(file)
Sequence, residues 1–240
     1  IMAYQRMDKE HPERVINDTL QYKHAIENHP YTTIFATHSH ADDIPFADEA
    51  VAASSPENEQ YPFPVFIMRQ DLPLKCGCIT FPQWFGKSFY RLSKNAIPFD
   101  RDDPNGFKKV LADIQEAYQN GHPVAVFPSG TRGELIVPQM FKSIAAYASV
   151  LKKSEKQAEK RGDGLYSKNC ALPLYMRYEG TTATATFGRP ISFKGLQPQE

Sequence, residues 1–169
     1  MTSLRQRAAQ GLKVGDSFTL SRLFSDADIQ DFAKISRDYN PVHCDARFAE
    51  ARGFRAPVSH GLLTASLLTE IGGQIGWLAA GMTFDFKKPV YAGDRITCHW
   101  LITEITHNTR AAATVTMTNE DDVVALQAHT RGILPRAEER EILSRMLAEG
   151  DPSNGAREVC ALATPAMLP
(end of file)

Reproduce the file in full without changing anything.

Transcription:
Sequence, residues 1–240
     1  IMAYQRMDKE HPERVINDTL QYKHAIENHP YTTIFATHSH ADDIPFADEA
    51  VAASSPENEQ YPFPVFIMRQ DLPLKCGCIT FPQWFGKSFY RLSKNAIPFD
   101  RDDPNGFKKV LADIQEAYQN GHPVAVFPSG TRGELIVPQM FKSIAAYASV
   151  LKKSEKQAEK RGDGLYSKNC ALPLYMRYEG TTATATFGRP ISFKGLQPQE

Sequence, residues 1–169
     1  MTSLRQRAAQ GLKVGDSFTL SRLFSDADIQ DFAKISRDYN PVHCDARFAE
    51  ARGFRAPVSH GLLTASLLTE IGGQIGWLAA GMTFDFKKPV YAGDRITCHW
   101  LITEITHNTR AAATVTMTNE DDVVALQAHT RGILPRAEER EILSRMLAEG
   151  DPSNGAREVC ALATPAMLP